Rapid infusion of second dose rituximab appears safe

the ONA take:

Subsequent rituximab infusions can be safely administered over 60 minutes and without steroid premedication in an experienced outpatient infusion center as long as patients are appropriately screened, according to a new study published online ahead of print in the journal Supportive Care in Cancer.

For the study, researchers enrolled 50 patients with indolent and intermediate B-cell non-Hodgkin's lymphoma receiving rituximab treatment at The Ohio State Comprehensive Cancer Center-James Cancer Hospital in Columbus, Ohio.

All patients had received the first dose of rituximab according to the manufacturer-labeled standard titration schedule and had not experienced a grade 2 or higher infusion reaction. Participants then received the subsequent infusion without steroid premedication at 100 mg/hour over 15 minutes, with the remaining amount administered over 45 minutes.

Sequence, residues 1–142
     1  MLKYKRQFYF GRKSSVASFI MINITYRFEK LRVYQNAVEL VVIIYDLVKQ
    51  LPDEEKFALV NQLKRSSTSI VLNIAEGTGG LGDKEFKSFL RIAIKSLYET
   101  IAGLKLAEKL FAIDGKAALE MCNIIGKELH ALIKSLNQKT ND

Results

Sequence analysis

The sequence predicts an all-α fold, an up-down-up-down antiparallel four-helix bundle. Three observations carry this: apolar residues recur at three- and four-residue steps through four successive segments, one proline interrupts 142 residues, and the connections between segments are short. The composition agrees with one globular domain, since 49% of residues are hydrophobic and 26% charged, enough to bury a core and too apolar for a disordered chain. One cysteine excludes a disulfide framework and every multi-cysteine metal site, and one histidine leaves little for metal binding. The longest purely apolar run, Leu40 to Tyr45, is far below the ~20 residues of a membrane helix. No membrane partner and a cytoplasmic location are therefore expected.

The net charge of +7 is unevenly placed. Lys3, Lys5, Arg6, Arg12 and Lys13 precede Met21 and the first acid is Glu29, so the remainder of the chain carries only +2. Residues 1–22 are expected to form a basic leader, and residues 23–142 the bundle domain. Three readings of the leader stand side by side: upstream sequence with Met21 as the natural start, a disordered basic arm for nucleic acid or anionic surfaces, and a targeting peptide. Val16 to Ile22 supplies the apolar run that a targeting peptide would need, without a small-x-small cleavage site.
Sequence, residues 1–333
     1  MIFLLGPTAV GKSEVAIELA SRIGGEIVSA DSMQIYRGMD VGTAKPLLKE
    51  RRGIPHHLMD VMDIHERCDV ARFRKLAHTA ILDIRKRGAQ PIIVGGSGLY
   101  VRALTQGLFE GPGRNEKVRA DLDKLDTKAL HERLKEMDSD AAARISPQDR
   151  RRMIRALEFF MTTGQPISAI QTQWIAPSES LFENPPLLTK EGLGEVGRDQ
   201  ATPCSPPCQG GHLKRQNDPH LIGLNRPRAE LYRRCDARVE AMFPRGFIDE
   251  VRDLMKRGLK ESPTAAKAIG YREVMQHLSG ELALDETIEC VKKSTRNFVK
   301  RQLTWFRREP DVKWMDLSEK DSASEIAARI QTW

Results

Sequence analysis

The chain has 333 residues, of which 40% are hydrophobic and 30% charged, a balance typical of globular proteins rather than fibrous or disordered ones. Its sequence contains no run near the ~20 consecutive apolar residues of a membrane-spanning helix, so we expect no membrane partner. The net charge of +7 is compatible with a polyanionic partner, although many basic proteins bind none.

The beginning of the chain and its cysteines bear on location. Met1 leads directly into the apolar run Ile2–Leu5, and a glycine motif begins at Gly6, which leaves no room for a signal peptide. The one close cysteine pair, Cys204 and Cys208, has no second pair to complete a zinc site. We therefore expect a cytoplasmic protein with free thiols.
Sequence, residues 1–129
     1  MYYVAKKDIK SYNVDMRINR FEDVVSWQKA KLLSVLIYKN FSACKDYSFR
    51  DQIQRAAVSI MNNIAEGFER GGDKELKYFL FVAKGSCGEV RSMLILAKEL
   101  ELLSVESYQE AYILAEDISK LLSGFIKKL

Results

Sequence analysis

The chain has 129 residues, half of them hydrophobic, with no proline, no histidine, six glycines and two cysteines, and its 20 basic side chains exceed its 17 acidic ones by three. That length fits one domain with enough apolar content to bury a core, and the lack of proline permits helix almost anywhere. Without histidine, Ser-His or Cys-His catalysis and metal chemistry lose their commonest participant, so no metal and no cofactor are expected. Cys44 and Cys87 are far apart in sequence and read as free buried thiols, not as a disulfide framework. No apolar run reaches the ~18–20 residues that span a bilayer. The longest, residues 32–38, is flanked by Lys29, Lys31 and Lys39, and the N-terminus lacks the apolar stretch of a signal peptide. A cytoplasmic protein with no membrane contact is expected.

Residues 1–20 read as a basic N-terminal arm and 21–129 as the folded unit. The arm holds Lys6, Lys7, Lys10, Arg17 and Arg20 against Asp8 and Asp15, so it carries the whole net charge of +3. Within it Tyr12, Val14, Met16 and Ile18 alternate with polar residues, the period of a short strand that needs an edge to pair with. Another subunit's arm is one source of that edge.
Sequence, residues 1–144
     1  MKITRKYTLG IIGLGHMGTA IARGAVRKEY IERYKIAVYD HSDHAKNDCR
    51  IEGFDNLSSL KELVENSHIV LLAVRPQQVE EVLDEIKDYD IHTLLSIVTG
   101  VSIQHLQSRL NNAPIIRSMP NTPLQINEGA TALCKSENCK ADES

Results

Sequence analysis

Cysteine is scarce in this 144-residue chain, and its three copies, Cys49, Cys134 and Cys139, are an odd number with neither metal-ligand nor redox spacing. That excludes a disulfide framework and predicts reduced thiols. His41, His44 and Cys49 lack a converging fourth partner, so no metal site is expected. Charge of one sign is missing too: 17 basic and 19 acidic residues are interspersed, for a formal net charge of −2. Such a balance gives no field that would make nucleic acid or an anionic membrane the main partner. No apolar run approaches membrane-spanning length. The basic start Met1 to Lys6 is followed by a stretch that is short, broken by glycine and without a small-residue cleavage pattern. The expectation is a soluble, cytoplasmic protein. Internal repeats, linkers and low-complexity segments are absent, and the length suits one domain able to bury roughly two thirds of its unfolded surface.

Results showed that no infusion-related reactions occurred with the 60-minute rapid infusion protocol. 

Researchers found that an average of about 94 minutes were saved with rapid infusion compared with the standard second dose infusion recommendation. Moreover, oncology nurses reported 100% satisfaction with the rapid infusion protocol.

The findings suggest that rapid infusions can reduce resource utilization and improve nursing satisfaction.

Rapid infusion of second dose rituximab appears safe
Subsequent rituximab infusions can be safely administered over 60 minutes and without steroid premedication.
Rituximab is a chimeric monoclonal antibody approved to treat B cell non-Hodgkin's lymphoma (NHL). Infusion reactions among NHL patients are common during the first exposure but decrease with subsequent infusions. We sought to assess the safety and feasibility of a rituximab rapid infusion protocol in the outpatient treatment area of a comprehensive cancer center.
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